“Most of the work that was done in sports was leading up to the 5 and 6 o’clock newscast until they took a big break before 10 p.m.,” Smallmon said. “I would use that time to just absorb as much as I could, watch the guys at work and try to make myself useful.”

Drawing inspiration from the aforementioned Stark, Smallmon had seen various women working and thriving in sports television; however, this was not the case in the sports radio format. Despite being familiar with the medium, she had never considered going on the air until Knott asked her to be a co-host of his new weekend show on 101 ESPN.

After some time, she received a note from an executive inquiring if she would be interested in applying for an open producer position available at the outlet. Even though she applied thinking she would not receive the job – a thought compounded when she discovered the producer role was for the program hosted by Bernie Miklasz – Smallmon made it to the final round of interviews. Speaking with Miklasz directly, he articulated that while he thought she was a good fit for the role, the other candidate had more qualifications and previous experience.

“I looked at him and I said, ‘Well, if that person is as great as you say that they are and have this much experience, they will have no problem finding another job when you hire me to be your producer,’” Smallmon averred. “I left there and I was like, ‘Man, I blew that.’”

Much to her surprise, Smallmon was hired and ended up working with Miklasz in the role for three years. In speaking with him and observing how he interacted with other people, she learned industry nuances and esoterica that made her even more adept at the role. Smallmon was eventually moved to The Fast Lane in the afternoons with Randy Karraker, D’Marco Farr and Brad Thompson, possessing a mentality of how to best position the show for sustained growth and success.

Smallmon took her skills to ESPN Radio in 2015 when she moved to Bristol, Conn. to work as a producer. The first stint with the network prepared her to excel on UnSportsmanLike, collaborating with hosts such as Ryen Russillo, Danny Kannel and Jorge Sedano, but she always felt a magnetic pull back towards St. Louis. Once Russillo was officially slated to leave ESPN, Smallmon was in talks with the company about different paths she could take and weighing her options. In the eleventh hour, Smallmon received a fortuitous call from Miklasz, who conveyed that he was thinking about changing up his show and wanted to know if she had any interest in co-hosting the program.

“It just felt like all of the cards were falling into place at the right time for me to make that move, and I’m a person that likes to take chances and challenge myself, and I don’t ever want to live with regrets,” Smallmon said. “I thought, ‘Maybe hosting and being on the air is not going to be for me; maybe it’s always going to be production, but I’d like to know.’”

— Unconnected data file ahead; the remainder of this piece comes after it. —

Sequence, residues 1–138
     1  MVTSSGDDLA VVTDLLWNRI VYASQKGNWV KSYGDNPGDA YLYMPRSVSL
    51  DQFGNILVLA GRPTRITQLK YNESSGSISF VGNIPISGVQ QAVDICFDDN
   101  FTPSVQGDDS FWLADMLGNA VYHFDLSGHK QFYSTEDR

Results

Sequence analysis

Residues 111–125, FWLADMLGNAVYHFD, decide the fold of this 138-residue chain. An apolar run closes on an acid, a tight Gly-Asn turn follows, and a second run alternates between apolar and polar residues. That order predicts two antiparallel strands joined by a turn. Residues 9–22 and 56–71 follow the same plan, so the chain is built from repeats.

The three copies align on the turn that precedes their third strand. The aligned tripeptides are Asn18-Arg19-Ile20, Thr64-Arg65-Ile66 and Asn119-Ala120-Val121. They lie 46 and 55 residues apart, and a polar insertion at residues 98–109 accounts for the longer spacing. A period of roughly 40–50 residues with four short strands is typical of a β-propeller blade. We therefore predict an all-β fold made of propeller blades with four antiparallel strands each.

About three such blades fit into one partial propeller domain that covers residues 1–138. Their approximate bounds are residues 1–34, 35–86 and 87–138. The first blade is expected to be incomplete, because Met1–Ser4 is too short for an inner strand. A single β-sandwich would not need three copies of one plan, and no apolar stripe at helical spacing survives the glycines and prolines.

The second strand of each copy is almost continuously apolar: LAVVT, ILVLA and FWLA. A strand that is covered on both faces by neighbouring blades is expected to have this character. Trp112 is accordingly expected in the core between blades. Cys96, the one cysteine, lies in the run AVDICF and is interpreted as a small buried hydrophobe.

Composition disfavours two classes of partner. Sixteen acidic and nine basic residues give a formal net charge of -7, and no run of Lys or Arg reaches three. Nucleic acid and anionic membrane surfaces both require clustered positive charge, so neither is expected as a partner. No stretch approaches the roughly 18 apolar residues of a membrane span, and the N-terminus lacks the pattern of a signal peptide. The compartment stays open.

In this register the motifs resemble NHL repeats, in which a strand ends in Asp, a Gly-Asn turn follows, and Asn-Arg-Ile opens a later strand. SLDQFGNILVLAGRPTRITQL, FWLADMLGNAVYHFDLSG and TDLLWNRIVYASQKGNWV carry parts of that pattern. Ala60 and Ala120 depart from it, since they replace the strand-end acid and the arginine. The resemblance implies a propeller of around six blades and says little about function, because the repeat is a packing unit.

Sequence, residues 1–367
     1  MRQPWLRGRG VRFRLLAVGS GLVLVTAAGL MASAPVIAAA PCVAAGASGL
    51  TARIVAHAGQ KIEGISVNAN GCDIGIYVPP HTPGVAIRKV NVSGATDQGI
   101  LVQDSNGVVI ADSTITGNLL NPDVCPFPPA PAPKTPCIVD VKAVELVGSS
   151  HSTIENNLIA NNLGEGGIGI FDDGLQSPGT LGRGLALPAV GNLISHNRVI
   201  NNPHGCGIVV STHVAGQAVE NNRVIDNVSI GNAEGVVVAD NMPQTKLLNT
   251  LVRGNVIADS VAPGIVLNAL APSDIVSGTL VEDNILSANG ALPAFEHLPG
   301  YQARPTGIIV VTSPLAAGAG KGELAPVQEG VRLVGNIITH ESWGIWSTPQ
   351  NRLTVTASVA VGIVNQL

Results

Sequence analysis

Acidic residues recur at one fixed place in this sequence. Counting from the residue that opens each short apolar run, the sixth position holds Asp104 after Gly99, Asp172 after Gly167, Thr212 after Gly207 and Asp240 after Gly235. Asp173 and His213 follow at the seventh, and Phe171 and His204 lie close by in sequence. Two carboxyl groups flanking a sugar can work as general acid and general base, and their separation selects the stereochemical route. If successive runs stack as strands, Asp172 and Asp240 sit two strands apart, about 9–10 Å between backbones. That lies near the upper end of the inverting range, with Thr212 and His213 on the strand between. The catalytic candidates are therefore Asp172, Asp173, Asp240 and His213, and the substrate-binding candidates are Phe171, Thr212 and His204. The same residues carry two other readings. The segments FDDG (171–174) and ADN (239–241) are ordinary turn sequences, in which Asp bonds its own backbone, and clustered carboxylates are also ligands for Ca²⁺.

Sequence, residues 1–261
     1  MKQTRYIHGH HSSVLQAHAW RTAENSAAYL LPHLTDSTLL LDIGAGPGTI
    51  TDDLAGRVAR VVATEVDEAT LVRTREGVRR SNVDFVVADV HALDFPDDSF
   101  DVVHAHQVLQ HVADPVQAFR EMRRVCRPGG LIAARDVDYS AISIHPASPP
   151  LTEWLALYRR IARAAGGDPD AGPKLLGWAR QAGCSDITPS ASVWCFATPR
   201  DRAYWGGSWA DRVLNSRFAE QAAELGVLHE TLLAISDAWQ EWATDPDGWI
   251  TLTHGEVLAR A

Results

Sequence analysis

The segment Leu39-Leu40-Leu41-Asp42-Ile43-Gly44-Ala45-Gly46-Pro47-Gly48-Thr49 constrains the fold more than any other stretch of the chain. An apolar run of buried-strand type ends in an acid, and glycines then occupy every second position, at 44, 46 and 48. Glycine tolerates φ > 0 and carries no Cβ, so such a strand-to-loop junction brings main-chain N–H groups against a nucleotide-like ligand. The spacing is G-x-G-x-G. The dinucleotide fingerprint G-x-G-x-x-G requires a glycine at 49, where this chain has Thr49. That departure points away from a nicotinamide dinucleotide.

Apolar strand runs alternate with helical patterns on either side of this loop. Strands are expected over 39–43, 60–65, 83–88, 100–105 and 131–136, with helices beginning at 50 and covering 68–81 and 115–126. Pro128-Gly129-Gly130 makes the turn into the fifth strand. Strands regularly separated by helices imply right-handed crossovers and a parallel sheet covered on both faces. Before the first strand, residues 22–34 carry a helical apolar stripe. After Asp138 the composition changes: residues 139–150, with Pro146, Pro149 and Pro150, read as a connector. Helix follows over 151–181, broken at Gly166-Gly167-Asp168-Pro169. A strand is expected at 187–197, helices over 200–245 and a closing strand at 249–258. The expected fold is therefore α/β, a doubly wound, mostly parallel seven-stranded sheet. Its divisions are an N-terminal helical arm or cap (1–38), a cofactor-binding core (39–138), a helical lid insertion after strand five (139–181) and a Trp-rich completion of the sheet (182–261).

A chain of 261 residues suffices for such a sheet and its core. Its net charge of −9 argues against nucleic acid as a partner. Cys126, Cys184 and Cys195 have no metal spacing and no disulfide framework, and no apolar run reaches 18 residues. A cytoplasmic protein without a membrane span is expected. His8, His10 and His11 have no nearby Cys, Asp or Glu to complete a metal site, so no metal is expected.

Once she returned, Miklasz offered to change the name of the program to incorporate Smallmon, an entreaty that she declined because of fear that it would disrupt what was a known entity to listeners in the locale. Upon his exit from the station two years later, Smallmon started hosting with Randy Karraker, who implored her to add her name. Even though she never sought out to find the spotlight, she capitulated to the request once her co-host explained why it was important as not only an identifying factor, but also as the first female to be a full-time host on the station.

“I would hear from so many female sports fans across the area and parents whose daughters listened to the show and whose daughters paid attention to the show because someone who looked like them occupied that seat,” Smallmon said. “I really realized how important it was for me to establish myself in that way.”

As Smallmon made the move from St. Louis to New York City, her parents surmised she was recklessly upending her life. Subletting an apartment from a mutual friend in the city, she was working under a usages deal at ESPN Radio where she would deliver overnight updates and host SportsCenter All Night. Smallmon was grateful for the support of her parents and asked them to give her a year, during which she would work hard to land a full-time job in the city. Three hundred and sixty-six days later, Smallmon took to the air with a black eye to commence UnSportsmanLike, officially meeting her end of the bargain.

“It’s hard to explain to people how strange our job is,” Smallmon said. “The three of us sit in a windowless room and talk to one another for four-plus hours a day, so just by nature of spending that much intimate time with someone, you get to know them really well really fast.”

The workday for the morning episode begins the day prior several hours after the conclusion of the previous broadcast, independently reading articles, following sports news and reviewing games. In the preceding afternoon, the program holds a content call where everyone pitches ideas before an early rundown is sent out and added to throughout the day.

While the game of the night is on, Smallmon is in constant communication with her thoughts before getting sleep and preparing for an early wake-up call. There is a pre-show meeting to review the rundown before the four-hour morning show begins at 6 a.m. As soon as the on-air light is extinguished, the process starts again so the hosts are ready for it to illuminate again in 20 hours.

“It’s really a full-time commitment, especially during football season, to do a job like this,” Smallmon said, “but when you’re lucky enough to get the opportunity to host a show of this magnitude, you’ve kind of got to make it your life in a lot of ways.”

When she takes her seat behind the microphone in the morning, Smallmon believes that two of the most talented people she has ever worked with are sitting by her side. In her view, she needs to be at the same level as them on the program and effectuates that through her preparation and by bringing different perspectives to the air.